April 14, 2024

Vinay Pathak: I feel embarrassed to be compared with Farooq Sheikh and Amol Palekar, their prowess is unmatched – Exclusive | Hindi Movie News


Vinay Pathak has carved a special place in the hearts of his fans with his closer-to-life portrayals in the movies. Over the years, he has delivered some exceptional performances as an actor in films like ‘Dasvidaniya’, ‘Bheja Fry’, ‘Khosla ka Ghosla’, ‘Johnny Gaddaar’, ‘Manorama Six Feet Under’ and so many more. He is now one of the narrators of Zee Theatre’s curated collection of dramatic readings, ‘Koi Baat Chale’ that presents Munshi Premchand’s classic tales ‘Idgah’ and ‘Gulli Danda’.
In an exclusive interview with ETimes, Vinay spoke about his special connection to ‘Idgah’, what connects his audience to him, being compared to icons like Farooq Sheikh and Amol Palekar, and more. Excerpts…

You will be bringing Munshi Premchand’s classic tales to life. How does it feel?

I have grown up reading ‘Idgah’ and this is a story that reminds me of my own childhood and the many different stages of my life. I always recited and narrated stories in school and at home as well, so to do so professionally was very exciting. Reading it for Zee Theatre’s ‘Koi Baat Chale’ was both nostalgic and a very fulfilling experience.

Vinay Pathak (2)

You must have a special connection with Idgah…

Yes, as I said, I have grown up with this story and read it in school and college, and it has always touched me on a deep, emotional level because of its innocence and the values of love, empathy, and generosity. It speaks without really moralising. The story also has a very special place in my heart, as just like Hamid, I was very close to my grandmother.

On the one hand, we are making films high on technology and VFX, while on the other, we are trying to hold on to our roots through these classic tales. How do you look at the Indian entertainment industry as an actor today?

I think of it as a very versatile, diverse, exciting, and thrilling creative world where there are limitless ways to tell a good story.

You have very successfully created a niche for yourself with closer-to-life portrayals in movies. What is it that really connects you to the audience?

I guess the stories I select are part of this journey and of the connection I seem to have forged with the audience. I feel very fortunate to have been a part of some very exciting stories on screen, and on stage. A good story, I believe, has no weak characters, so when you get that bit right, the process of etching a memorable character becomes very organic.

Bollywood (2)

You have often been compared to actors such as Farooq Sheikh and Amol Palekar. How do you react to these compliments?

I feel embarrassed, to be honest. The two stalwarts you’ve mentioned are the giants of their crafts, and their prowess is unmatched. Being compared to them does not make sense to me at all, but I do feel privileged and happy, to say the least.

You have given some outstanding performances in films such as ‘Dasvidaniya’, ‘Bheja Fry’, ‘Chalo Dilli’, and many others. Which is the one film that is closest to your heart, and why?

There are so many, and it’s really difficult and unfair to name just one! I try to make the story of each character come alive, and when, as an actor, you succeed in bringing relatability to a role and it works in the larger scheme of things, it’s very gratifying. My roles in films like ‘Dasvidania’, ‘Bheja Fry’, ‘Khosla Ka Ghosla’, ‘Johnny Gaddar’, ‘Chalo Dilli’, ‘Chintu Ka Birthday’, and ‘Gour Hari Dastan’ have given me immense satisfaction. On stage as well, I have loved working in Rajat Kapoor’s many directorials, including C for Clown, Hamlet, King Lear, and Macbeth.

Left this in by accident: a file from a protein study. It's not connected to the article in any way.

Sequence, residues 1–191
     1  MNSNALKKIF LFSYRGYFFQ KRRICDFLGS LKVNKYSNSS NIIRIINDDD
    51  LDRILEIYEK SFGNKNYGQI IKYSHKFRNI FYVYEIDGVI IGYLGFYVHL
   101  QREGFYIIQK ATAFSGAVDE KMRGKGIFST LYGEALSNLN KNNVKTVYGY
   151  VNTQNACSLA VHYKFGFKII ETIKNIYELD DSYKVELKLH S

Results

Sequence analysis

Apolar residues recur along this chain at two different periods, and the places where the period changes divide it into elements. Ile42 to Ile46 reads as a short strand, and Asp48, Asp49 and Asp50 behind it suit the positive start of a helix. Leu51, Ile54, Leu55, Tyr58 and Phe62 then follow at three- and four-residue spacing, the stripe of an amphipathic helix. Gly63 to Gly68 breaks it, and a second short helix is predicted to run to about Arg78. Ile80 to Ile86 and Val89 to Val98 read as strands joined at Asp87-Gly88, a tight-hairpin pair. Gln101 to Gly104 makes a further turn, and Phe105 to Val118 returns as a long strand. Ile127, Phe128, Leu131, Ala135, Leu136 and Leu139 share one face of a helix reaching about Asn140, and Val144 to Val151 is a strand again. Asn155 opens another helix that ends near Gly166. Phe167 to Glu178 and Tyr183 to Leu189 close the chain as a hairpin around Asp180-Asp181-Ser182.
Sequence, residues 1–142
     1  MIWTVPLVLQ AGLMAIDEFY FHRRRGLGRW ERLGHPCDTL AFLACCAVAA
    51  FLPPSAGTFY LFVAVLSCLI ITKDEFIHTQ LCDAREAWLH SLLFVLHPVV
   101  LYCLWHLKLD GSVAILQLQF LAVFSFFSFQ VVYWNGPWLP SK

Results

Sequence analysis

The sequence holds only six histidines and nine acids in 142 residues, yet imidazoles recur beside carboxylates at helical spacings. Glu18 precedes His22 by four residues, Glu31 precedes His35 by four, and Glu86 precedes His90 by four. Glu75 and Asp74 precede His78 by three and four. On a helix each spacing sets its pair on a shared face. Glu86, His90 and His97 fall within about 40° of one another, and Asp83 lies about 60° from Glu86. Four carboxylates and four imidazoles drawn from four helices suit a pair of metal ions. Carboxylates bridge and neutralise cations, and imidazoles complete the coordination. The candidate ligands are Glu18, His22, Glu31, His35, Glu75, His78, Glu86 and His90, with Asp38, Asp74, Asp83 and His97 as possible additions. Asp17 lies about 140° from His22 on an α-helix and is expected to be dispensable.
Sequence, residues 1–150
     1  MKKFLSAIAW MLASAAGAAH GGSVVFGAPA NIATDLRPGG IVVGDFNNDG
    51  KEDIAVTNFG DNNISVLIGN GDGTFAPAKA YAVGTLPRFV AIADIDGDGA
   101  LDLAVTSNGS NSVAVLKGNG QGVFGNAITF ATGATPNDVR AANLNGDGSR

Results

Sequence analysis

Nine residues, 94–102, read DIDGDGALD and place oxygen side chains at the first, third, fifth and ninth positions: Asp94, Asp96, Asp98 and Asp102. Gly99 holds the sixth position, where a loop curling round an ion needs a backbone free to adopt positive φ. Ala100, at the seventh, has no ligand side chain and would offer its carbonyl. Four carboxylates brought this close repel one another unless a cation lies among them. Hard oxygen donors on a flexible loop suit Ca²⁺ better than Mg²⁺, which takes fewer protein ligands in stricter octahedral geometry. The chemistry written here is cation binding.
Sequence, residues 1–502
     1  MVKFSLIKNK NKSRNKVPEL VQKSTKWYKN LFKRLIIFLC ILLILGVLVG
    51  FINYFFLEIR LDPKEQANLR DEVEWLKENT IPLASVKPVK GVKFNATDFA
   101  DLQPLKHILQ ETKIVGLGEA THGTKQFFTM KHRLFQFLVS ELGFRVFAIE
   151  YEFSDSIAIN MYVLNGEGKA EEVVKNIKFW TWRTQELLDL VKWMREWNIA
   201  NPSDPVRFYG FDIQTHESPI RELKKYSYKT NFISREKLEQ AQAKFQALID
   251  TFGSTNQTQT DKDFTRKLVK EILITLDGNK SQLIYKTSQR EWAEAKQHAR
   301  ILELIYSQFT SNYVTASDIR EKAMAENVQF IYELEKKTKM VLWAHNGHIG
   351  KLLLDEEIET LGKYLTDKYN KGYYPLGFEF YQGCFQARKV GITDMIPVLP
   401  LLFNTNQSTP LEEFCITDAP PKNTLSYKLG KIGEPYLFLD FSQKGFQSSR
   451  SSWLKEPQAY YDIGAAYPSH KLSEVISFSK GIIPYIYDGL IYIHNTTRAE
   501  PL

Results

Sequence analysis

After spending more than two decades in this industry, is there anything you still wish to achieve as an actor?

Yes, I would like to keep learning the art of being relevant in stories of every kind and genre and the craft of telling stories for as long as I can.

You have not been game for commercial cinema in your career. Why is that?

How do I answer that? However, would you say that ‘Aaja Nach Le’, ‘Johnny Gaddar’ , ‘Rab Ne Bana Di Jodi’ and ‘Badlapur’ were not mainstream films? But yes, I have worked more extensively in theatre and middle of the road films. For me, a good film is a good film beyond the labels we impose upon it and if it has a substantial role for me, I am more than happy to work in it.

Out of all the actors you have worked with so far, who has been an absolute delight?

Once again, there are so many names. I’ve enjoyed working with all my co-actors and have learned so much from all of them. But I must reserve a special mention for Shri Om Puri. My first ever acting job on camera was with him, and he was beyond wonderful. And he taught me so many things, including how to make delicious ‘aloo-baingan’. He was the best teacher of the craft without deliberately teaching it. I spent many months with him on my first project and imbibed so much about so many things because that’s how he was. He was generous, kind, brave, and lionhearted in everything he did. I miss him dearly.

The Telugu industry recently made us immensely proud by bagging honours on a global stage. What are your thoughts on it, and how inspirational do you find it as an actor?

It’s a great feat. We should always strive to do work that’s challenging and breaks new ground. My best wishes to the makers of ‘RRR’.

What does 2023 have in store for Vinay Pathak?

Theatre, cinema, new shows, and lots of travel. What more could one ask for?

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